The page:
When your child refuses to eat certain foods, especially at your ex's during visits and overnights. It can be difficult to cope with picky eaters, especially when your kids are spending time with both of you and you're not sure what they've eaten at your ex's. Start by keeping a shared food log so you can both see what they're consuming in a given week. Then, change the end goal to one that's achievable — such as trying two new foods per week.
When your child leaves important things at home. The challenge here is that your child may expect you to run over to school or your ex's to drop off the forgotten items. In fact, some schools have now banned this practice in order to encourage kids to become more responsible and independent. On your end, you can help by creating a packing checklist your kids can use to get ready for overnights.
Get Tweens and Teens to Cooperate
Having kids who won't cooperate at this age can feel a lot like the challenges you faced when they were toddlers. They want more independence, and they're willing to dig in their heels on the smallest issue, just to show you they can. Here are some common challenges single parents face getting kids to cooperate at this stage, and what you can do to about them:
When your child refuses to attend visits or overnights with your ex. At this age, your kids have already established their own routines and friend groups. So reluctance to participate in visits and overnights may be caused in part by not wanting to miss out on important events with their friends. To counteract that anxiety, talk with your kids about what they are feeling. Then make a plan together for making sure they can participate in high-priority events without missing out on quality time with your ex. Being open in discussing the issue with your ex will also help. While that may not be comfortable for your kids, at least initially, remember that learning how to negotiate compromises is a positive life skill they need to develop.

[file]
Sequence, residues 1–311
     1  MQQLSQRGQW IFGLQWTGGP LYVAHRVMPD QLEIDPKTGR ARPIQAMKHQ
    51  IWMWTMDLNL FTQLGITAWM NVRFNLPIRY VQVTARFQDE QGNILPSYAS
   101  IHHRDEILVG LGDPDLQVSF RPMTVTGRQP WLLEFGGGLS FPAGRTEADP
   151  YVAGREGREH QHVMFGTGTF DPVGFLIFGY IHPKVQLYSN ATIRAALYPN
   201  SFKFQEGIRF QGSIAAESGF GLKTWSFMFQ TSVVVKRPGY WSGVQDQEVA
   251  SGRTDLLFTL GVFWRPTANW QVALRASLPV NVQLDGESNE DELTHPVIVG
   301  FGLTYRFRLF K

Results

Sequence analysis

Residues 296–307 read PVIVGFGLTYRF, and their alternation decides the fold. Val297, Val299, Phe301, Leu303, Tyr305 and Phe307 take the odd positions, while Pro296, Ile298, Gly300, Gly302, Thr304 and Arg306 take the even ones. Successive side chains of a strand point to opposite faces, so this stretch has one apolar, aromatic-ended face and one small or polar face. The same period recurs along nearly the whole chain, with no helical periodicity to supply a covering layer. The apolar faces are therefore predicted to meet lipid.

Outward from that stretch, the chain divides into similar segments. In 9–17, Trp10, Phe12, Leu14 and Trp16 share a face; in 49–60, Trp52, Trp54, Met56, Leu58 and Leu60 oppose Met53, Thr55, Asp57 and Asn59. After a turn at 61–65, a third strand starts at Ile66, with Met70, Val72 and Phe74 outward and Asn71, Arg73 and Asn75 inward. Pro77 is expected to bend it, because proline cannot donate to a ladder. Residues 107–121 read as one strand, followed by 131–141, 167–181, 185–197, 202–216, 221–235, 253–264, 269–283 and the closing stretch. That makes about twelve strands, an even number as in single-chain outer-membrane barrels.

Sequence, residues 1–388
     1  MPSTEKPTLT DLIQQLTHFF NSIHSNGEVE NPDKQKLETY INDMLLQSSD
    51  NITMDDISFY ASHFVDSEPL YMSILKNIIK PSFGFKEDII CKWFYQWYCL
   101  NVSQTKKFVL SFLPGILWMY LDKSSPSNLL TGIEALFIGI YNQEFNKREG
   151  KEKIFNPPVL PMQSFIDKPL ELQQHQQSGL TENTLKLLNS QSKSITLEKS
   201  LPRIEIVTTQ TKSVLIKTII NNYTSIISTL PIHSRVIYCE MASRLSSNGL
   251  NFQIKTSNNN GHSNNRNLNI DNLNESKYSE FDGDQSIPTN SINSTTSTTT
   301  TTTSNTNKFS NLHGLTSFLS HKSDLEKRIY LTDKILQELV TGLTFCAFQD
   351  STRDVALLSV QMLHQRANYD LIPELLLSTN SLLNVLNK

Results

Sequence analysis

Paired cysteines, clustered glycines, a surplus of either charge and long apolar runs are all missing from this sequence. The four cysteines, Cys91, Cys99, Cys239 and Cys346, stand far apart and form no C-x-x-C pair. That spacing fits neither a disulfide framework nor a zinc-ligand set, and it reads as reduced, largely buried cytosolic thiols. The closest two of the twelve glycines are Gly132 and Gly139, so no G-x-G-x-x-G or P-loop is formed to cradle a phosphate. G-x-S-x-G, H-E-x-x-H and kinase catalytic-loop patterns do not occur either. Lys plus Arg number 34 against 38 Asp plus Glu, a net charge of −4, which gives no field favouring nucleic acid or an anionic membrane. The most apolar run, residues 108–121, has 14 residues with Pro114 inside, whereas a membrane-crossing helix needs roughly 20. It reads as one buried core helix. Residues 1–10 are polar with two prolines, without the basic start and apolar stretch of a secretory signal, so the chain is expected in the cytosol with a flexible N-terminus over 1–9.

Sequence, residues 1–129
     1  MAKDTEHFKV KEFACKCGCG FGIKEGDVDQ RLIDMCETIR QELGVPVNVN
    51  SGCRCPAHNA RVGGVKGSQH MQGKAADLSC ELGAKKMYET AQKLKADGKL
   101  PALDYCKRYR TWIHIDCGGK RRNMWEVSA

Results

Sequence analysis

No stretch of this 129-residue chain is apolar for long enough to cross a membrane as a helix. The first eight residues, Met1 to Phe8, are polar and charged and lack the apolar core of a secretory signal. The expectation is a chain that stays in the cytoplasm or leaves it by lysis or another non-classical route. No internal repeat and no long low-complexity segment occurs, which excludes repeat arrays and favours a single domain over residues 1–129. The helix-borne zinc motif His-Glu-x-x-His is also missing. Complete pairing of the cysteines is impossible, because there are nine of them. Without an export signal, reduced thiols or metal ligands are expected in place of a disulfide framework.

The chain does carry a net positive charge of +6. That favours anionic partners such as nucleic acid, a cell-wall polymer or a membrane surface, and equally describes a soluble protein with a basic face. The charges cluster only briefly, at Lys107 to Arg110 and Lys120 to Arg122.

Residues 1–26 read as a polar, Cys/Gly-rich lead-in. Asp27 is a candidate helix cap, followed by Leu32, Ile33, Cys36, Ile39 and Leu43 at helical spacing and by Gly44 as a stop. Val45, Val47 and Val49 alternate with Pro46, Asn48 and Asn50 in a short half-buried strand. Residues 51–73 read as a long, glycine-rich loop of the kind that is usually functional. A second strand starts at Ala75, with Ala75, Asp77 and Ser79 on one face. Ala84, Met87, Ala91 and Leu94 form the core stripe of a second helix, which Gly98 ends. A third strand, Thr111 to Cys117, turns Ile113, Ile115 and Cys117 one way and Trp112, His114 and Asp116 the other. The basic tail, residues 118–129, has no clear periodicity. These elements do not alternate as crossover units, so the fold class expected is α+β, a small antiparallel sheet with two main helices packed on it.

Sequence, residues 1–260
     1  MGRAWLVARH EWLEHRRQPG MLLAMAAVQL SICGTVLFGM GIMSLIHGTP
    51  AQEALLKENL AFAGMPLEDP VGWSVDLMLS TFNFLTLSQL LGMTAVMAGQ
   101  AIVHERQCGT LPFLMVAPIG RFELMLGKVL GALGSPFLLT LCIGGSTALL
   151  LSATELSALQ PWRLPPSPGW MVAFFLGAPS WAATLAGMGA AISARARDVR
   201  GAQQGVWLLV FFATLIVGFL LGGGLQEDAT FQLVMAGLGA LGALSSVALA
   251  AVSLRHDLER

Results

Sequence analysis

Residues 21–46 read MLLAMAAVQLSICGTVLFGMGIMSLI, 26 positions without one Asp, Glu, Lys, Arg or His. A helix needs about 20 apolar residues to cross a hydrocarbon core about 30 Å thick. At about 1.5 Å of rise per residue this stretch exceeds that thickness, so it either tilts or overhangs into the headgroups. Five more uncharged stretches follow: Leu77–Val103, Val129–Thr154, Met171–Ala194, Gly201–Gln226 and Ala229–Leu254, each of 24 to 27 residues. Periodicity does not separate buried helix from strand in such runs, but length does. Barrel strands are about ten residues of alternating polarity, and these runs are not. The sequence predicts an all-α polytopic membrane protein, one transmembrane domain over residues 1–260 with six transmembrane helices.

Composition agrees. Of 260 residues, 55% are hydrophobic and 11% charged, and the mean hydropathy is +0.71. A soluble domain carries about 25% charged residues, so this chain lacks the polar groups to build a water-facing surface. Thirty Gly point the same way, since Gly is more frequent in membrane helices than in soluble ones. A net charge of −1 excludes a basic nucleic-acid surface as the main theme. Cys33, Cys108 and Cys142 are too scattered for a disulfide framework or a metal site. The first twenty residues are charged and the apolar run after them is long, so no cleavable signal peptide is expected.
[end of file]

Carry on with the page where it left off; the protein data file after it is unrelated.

Frequently misses deadlines for turning in homework assignments. It can be frustrating when you know your kids are capable of doing the work, but they're either not doing it or aren't bothering to turn it in. First, remember that your kids aren't 'too old' for you to reach out to their teachers for input on how to resolve this issue. At the same time, get a plan in place for teaching your kids how to track their own assignments. If the school allows smartphones, consider using one of the many homework apps available, which have the added benefit of allowing you to track their progress and check in now and then. If that's not an option, make sure they have a system for manually adding assignments to a homework calendar the 'old fashioned' way.
When your kids won't keep their rooms clean. This is the ultimate 'pick your battles' issue. While you want your child's room to be clean enough that he's not tripping over his belongings, it can help to redefine the 'win' you're looking for. In this case, it might be learning some general cleaning skills he'll need later in life, even if his bedroom isn't as clean as you'd like it to be. On the other hand, if your child has become a real 'pack rat,' you may need to coach him on how to sort and donate unused belongings. It can help, too, to model this by cleaning out a closet or two together. Once he gets the hang of evaluating what to keep, toss, or donate, he'll be able to apply the process to his own belongings with greater independence.